The concept of ‘all’ is relative and what is sufficient for me is paltry for another and vice versa. Our notion of ‘all’ will be in a constant state of flux so to limit all to a static benchmark can be dangerous.

Secondly, I think the essence of where Solomon was at and where we get to is when we realise the futility of having it all without direction. I’m constantly trying to get to a place where I realise that the issue is not about having it all. It's about having the necessary perspective over everything we have AND don't have and for me a belief in one who surpasses ALL as our ultimate source of sufficiency...



So for question number two, here’s my opening gambit: If we establish that there are fundamental issues with the concept of all, then there surely is an issue with "going after all" in the first place.

The key issue with the pursuit of it all is that we run the risk of ending up like poor King Solomon who "gets it all" and realises it was all for nothing. In essence - that the CEO title, the millions in the bank, the properties, the wife and kids and the loads of friends we have will not complete us if we have poor health, or we are not of sound mind. When we hear the stories of the rich and famous who commit suicide, people who seemingly had the world at their fingertips, we often wonder what drove them to such a tragic end and we find out that the underlying issue was that "all" was not enough...

Now I want to qualify and clarify here. Attainment, success and riches, families and good careers are all laudable. I am NOT, I repeat NOT saying "be broke and be happy". But plainly there's something to be said for the attainment of everything but losing myself in the process… I think what is being asked here is that are we willing to pursue it all at all costs?

Will we be so single minded in our pursuit of everything else around us that we will take no heed to the things that are less tangible but more critical? Could it be that rather than seeking all, we should be seeking balance...? The wisdom behind "all things are lawful but not all things are expedient" rings true here as we can pursue many things justifiably in this life but our good intentions may not reap the benefits if they were misguided.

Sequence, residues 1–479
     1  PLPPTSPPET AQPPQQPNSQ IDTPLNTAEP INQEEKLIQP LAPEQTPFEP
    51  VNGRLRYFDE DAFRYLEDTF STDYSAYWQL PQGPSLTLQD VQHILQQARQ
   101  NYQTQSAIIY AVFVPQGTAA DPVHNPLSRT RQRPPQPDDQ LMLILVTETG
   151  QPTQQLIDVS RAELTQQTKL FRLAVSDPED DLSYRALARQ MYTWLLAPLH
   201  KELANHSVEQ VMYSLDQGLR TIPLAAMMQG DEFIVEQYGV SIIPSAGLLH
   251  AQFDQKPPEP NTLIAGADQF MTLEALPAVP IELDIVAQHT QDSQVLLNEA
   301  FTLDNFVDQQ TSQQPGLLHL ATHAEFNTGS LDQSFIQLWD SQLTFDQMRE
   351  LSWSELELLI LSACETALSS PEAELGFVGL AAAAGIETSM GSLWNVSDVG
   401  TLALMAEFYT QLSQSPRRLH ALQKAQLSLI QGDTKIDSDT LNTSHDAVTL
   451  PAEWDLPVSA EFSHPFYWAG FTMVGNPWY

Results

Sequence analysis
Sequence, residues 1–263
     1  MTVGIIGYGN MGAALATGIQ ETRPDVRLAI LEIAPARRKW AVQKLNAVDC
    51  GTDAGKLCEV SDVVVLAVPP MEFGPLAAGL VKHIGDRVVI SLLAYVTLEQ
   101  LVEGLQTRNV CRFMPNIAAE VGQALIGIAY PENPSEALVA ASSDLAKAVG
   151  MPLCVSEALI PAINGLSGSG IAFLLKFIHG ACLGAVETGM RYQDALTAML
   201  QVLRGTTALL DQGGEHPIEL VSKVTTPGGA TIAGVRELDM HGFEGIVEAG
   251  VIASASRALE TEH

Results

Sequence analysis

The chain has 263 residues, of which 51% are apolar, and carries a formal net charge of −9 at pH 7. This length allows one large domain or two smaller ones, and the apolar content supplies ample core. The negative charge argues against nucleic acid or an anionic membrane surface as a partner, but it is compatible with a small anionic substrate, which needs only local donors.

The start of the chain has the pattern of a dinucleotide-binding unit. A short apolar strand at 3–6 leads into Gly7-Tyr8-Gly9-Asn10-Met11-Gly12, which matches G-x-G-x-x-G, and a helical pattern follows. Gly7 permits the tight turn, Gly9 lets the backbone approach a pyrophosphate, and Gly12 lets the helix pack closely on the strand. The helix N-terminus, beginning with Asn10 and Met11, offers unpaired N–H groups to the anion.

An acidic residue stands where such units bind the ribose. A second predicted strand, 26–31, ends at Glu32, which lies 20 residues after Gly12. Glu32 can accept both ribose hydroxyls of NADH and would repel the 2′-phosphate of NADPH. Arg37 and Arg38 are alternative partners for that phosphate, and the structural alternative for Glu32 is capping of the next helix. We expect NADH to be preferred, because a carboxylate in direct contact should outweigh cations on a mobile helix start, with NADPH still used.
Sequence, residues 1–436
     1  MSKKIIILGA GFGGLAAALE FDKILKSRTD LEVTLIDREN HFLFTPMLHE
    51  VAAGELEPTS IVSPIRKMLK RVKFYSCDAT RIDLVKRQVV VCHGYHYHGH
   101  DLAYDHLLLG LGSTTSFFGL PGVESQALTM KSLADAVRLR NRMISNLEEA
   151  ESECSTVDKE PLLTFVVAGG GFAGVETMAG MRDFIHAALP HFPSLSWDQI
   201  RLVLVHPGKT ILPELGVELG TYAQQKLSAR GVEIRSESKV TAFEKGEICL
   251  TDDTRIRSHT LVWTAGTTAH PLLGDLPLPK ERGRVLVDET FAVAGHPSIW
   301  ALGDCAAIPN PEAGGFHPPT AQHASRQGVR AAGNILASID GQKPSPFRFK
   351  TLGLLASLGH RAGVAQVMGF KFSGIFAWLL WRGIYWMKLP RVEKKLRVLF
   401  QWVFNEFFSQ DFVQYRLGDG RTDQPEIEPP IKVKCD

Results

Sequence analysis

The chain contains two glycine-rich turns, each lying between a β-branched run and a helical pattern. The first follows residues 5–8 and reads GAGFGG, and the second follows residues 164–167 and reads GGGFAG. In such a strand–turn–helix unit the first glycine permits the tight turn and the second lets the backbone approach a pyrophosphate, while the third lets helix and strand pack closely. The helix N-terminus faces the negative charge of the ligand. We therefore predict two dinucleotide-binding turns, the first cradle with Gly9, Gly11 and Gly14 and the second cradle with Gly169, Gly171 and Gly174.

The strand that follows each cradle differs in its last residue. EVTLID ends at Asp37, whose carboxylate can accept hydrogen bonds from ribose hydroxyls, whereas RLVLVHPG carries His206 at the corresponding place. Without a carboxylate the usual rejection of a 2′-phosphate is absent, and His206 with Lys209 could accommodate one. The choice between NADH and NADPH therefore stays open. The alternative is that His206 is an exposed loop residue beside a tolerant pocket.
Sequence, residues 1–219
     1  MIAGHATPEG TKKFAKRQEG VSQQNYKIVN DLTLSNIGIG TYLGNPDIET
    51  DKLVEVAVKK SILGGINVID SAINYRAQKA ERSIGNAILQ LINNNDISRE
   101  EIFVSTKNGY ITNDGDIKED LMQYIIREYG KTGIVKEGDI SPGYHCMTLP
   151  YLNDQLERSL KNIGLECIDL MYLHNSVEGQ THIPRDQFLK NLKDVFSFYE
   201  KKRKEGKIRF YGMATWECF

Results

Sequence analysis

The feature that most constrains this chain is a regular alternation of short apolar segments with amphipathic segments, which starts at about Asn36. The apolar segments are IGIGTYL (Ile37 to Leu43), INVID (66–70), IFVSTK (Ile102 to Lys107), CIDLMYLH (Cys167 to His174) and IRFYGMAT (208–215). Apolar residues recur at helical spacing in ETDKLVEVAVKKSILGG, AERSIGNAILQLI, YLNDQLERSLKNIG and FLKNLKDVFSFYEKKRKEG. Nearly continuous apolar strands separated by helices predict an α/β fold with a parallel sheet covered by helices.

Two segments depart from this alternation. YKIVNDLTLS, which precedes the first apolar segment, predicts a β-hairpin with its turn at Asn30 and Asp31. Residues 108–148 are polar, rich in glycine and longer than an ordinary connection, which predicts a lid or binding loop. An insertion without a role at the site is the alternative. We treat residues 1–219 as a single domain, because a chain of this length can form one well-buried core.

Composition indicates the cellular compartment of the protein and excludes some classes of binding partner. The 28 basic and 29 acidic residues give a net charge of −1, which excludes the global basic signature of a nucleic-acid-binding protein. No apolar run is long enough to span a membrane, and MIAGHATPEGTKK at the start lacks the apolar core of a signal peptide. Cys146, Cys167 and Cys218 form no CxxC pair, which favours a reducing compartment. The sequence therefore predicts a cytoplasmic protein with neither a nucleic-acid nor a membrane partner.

Applying Economics to it all…

The concept of opportunity cost here rings true as the opportunity cost of rigorous pursuit of success in the workplace could come at the cost of the very important time you need to spend with your newly wedded wife to build that lifelong relationship, or to work on that difficult relationship with your dad, or to take time out to rest because of the effects it's all having on your health. The more and more I consider it, the more absurd a proposition I think it is to go after it all, especially when "it all" as we understand it still has its deficiencies.

If I want to drive a nail into the coffin of the "pursuit of it all" I'll part with the words of King Solomon himself: “He who loves money will not be satisfied with money, nor he who loves abundance with its gain. This too is vanity (emptiness).” This is someone who has attained all and seen the emptiness of it all...

Essentially, what is said here is that the mindless pursuit of it all will lead to you attaining it and not being satisfied, and wanting more. Thus, the circle continues. 100k becomes insufficient, 1 million becomes a charity case, and 10 million becomes an increased tax burden. In the words of Biggie Smalls, Mo' Money Mo' problems...



I guess in a roundabout way, we're probably acknowledging the difficulties in pinning down what exactly we mean by "ALL". We're probably also seeing that there is a difficulty in knowing how to pursue "all" to a final resting point and being satisfied that we have arrived there.

At the start of this piece, I laid on a crumb trail towards grasping the essence of this entire conundrum... I spoke about an ultimate source of sufficiency. For me as a guy trying to navigate in this world, this is what I'm learning as a starting point: That God gives sufficiency to everything that I do, so that I can take pleasure and be content in all that I do through Him.

The times when I learn to not look at world notions of "all" are the times that I derive a sense of fulfilment in what I go out there and accomplish. It's a lifelong skill we are all in the process of acquiring but one we must grasp. That way our emphasis on ALL will be one guided by a belief in one who surpasses everything that we could ever hope to accomplish and thus prevent us from being limited by the futile "pursuit of it all".